FUN FACT: Your brain uses up some 60% of your glucose when your body is in the resting state. When fasting, ketones (ketone bodies) generated by your liver partly replace glucose as fuel for your brain; among other organs. This ketone usage by your brain is one of the reasons that fasting is often claimed to promote mental clarity and positive mood – ketones produce less inflammatory products as they are being metabolized than glucose does.

>72 hours

At the 72 hour mark, insulin levels will be at their lowest, and the body is fully fat adapted – fatty acids and ketones are the main energy source.

By this point, autophagy is in well under way and begins to rejuvenate the immune system — old, defective cells are degraded, which triggers the synthesis of new immune system cells.

Talk about the gift that keeps on giving! Understanding intermittent fasting on the physiological level will help you overcome barriers and reach your fasting goals; whether those goals are spiritual, religious, or simply intermittent fasting to lose weight. Don’t worry if a 72 hour fast isn’t manageable for you at first. The more you practice, the easier it will be too fast for longer durations. Practice makes perfect!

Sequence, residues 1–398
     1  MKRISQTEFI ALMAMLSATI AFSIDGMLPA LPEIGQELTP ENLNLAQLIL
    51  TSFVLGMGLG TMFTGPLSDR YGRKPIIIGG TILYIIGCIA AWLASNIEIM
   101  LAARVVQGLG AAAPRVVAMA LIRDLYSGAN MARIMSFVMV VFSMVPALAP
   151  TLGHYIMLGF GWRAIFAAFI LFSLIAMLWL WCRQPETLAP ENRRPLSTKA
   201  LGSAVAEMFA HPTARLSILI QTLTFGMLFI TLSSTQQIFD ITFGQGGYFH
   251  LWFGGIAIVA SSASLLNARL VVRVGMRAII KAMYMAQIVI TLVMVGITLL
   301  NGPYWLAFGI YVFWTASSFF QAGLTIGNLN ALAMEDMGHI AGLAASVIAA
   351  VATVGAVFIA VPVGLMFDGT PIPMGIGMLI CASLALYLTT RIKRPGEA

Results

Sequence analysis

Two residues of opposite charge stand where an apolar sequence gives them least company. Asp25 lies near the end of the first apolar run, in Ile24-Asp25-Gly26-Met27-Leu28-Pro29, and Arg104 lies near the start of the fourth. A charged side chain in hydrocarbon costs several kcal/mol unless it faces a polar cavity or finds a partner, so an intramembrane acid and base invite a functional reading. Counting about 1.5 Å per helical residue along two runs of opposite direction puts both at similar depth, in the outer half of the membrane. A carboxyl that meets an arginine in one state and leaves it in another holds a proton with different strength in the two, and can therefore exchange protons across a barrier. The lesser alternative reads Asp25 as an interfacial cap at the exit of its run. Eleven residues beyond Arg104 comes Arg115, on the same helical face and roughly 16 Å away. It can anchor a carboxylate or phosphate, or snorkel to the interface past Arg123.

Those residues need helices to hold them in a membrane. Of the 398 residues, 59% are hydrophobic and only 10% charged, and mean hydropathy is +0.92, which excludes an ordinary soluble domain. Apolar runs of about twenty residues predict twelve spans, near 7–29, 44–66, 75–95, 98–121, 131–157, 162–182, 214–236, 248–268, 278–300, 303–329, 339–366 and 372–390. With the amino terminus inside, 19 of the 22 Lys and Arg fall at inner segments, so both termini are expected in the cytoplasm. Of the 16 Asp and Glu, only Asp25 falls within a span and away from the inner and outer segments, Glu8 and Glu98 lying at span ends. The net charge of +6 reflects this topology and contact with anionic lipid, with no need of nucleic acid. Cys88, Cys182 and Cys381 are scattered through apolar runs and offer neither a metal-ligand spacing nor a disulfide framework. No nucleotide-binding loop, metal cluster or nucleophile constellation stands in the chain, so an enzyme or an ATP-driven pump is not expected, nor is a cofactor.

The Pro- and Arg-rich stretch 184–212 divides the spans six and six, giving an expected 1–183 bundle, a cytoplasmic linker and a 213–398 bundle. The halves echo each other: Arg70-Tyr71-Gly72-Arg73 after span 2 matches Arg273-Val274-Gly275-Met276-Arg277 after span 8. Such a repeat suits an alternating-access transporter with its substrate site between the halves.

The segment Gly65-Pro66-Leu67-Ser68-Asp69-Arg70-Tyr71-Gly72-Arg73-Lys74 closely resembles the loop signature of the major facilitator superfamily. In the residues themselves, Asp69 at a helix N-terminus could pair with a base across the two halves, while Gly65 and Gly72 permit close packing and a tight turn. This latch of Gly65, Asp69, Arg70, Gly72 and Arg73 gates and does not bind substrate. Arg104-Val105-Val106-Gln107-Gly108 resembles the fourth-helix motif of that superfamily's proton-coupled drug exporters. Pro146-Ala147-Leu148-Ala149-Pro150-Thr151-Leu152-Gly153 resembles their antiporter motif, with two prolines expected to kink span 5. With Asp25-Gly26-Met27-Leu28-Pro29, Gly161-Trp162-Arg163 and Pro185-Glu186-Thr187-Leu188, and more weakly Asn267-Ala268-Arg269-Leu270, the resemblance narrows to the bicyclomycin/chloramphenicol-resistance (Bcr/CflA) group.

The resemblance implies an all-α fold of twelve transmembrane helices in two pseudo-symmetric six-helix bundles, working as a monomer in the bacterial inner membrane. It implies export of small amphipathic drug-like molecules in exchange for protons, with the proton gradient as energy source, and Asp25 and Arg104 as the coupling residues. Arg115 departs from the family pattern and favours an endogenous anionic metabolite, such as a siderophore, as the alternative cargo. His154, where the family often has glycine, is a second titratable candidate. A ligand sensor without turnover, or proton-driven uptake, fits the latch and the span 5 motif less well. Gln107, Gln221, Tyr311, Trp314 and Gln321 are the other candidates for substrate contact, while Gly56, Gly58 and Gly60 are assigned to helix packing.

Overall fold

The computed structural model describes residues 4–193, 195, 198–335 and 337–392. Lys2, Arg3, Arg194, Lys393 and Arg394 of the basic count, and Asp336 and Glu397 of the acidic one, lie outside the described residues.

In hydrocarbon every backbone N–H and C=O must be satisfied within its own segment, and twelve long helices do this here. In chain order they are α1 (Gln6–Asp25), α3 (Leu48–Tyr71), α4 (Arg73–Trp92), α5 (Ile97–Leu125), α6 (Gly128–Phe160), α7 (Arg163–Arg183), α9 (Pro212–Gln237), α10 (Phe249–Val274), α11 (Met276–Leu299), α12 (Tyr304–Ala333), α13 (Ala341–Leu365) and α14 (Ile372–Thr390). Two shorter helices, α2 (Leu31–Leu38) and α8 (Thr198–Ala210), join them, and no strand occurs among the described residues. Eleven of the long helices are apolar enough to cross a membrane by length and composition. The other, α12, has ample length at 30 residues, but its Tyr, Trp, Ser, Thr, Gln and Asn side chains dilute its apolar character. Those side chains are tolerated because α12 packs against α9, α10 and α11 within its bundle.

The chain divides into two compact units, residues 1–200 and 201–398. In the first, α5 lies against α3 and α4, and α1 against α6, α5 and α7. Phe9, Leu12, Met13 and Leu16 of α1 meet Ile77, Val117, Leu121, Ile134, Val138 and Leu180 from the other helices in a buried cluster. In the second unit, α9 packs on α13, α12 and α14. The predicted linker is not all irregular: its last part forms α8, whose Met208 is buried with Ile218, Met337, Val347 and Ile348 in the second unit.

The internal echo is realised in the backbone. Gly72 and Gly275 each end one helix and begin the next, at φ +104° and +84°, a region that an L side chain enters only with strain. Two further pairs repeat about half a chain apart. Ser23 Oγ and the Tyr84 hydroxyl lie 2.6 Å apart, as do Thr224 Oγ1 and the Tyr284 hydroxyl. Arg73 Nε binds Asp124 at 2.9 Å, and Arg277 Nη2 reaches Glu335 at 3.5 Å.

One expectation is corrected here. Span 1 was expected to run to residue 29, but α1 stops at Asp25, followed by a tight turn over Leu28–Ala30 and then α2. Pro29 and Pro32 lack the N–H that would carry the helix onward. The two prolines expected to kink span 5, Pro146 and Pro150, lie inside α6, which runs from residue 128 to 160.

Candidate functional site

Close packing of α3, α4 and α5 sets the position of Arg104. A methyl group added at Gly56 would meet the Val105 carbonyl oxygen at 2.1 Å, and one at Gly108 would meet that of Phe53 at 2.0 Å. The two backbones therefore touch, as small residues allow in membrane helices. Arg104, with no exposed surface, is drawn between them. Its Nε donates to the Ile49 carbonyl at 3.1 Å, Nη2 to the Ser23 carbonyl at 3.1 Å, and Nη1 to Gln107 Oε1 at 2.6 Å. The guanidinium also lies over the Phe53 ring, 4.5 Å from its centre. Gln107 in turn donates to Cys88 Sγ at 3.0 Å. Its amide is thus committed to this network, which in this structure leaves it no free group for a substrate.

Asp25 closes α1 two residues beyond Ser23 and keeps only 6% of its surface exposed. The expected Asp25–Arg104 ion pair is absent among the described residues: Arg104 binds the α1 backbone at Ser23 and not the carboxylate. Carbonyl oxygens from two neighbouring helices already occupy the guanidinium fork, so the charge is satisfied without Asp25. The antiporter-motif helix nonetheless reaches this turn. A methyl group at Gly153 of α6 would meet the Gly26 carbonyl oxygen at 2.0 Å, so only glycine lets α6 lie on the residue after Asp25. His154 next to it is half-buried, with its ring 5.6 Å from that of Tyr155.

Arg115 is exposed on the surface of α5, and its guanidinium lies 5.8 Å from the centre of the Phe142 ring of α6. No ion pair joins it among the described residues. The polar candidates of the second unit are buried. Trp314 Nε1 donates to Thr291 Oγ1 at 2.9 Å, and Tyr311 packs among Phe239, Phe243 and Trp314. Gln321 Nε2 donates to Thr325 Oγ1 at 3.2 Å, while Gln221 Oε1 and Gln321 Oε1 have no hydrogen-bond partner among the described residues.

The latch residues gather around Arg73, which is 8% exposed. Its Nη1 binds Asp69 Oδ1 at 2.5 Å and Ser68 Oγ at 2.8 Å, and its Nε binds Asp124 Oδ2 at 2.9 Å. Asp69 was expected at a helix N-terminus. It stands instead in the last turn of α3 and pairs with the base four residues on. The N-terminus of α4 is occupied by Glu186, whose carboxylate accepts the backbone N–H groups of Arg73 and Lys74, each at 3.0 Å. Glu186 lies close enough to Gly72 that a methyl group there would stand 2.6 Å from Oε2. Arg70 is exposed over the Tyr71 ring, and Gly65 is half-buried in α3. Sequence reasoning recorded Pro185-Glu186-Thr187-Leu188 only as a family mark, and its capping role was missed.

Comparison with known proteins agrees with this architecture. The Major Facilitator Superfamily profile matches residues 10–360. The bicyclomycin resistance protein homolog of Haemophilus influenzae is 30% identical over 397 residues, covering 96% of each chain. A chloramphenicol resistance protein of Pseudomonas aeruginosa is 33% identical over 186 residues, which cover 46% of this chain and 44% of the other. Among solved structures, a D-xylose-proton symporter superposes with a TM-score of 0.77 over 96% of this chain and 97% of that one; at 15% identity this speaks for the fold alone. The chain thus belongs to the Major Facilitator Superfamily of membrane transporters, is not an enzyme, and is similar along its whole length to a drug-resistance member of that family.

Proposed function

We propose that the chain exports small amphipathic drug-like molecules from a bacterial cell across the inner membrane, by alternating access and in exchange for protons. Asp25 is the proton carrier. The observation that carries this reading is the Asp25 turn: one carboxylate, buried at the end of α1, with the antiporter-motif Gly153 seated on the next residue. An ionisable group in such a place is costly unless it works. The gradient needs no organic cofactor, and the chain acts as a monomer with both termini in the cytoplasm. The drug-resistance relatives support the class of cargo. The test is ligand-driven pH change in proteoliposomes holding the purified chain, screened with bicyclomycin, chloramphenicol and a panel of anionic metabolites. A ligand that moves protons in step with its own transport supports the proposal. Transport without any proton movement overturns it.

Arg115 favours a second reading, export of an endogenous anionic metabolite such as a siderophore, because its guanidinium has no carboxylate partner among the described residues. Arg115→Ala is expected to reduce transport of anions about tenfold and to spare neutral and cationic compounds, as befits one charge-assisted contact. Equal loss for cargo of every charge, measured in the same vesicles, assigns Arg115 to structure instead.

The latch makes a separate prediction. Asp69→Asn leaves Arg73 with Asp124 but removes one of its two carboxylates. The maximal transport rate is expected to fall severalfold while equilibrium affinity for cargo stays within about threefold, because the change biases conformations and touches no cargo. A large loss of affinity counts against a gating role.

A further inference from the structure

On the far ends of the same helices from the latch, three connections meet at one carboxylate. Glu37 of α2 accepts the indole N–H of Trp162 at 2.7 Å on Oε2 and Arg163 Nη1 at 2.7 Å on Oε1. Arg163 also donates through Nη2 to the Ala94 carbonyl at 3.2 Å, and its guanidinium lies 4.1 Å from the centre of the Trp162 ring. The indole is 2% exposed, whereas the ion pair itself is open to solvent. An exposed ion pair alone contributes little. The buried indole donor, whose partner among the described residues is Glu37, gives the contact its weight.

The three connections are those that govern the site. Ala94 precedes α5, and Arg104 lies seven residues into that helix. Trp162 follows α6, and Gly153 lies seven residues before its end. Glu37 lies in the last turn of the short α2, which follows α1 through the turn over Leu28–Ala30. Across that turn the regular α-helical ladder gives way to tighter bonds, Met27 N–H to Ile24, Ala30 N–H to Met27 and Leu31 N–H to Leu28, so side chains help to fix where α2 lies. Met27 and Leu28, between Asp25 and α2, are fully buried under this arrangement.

Types of Intermittent Fasting

There are many different diets for intermittent fasting. We suggest starting off with a shorter fast if you are not accustomed to fasting, and progressing to a longer fast gradually.

For the purpose of this article we will be discussing 3 popular types of intermittent fasting methods and explain which method would be best for building and/or maintain lean muscle mass.

Diets for intermittent fasting include:

16:8 (Recommended for maintaining/gaining lean muscle mass)

There are many different approaches one can take when beginning a fast. Probably the most popular fasting regimen is intermittent fasting 16/8. Intermittent fasting 16/8 involves fasting daily for 16 hours and eating all your meals within an 8 hour window. For example, if you had your first meal of the day at 12 PM, you would eat your last meal before 8 PM and fast until lunch the next day. Hence where this “intermittent fasting 16/8” routine get its name. Generally most individuals skip breakfast, but the beauty of intermittent fasting is that it is flexible and completely up to you. If you would rather skip dinner instead, that is perfectly fine.